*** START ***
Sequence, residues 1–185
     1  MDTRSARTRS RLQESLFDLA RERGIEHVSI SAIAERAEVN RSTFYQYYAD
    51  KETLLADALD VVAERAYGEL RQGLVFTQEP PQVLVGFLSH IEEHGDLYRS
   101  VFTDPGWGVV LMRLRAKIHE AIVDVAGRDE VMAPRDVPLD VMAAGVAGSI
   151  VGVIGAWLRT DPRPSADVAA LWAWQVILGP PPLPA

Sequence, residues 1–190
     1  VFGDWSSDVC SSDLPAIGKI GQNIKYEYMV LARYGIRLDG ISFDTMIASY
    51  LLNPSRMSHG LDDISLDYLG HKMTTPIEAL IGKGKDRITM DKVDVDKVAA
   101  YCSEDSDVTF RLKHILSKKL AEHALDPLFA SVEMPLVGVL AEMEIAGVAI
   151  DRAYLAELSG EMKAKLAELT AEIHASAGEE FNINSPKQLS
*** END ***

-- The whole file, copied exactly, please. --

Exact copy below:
Sequence, residues 1–185
     1  MDTRSARTRS RLQESLFDLA RERGIEHVSI SAIAERAEVN RSTFYQYYAD
    51  KETLLADALD VVAERAYGEL RQGLVFTQEP PQVLVGFLSH IEEHGDLYRS
   101  VFTDPGWGVV LMRLRAKIHE AIVDVAGRDE VMAPRDVPLD VMAAGVAGSI
   151  VGVIGAWLRT DPRPSADVAA LWAWQVILGP PPLPA

Sequence, residues 1–190
     1  VFGDWSSDVC SSDLPAIGKI GQNIKYEYMV LARYGIRLDG ISFDTMIASY
    51  LLNPSRMSHG LDDISLDYLG HKMTTPIEAL IGKGKDRITM DKVDVDKVAA
   101  YCSEDSDVTF RLKHILSKKL AEHALDPLFA SVEMPLVGVL AEMEIAGVAI
   151  DRAYLAELSG EMKAKLAELT AEIHASAGEE FNINSPKQLS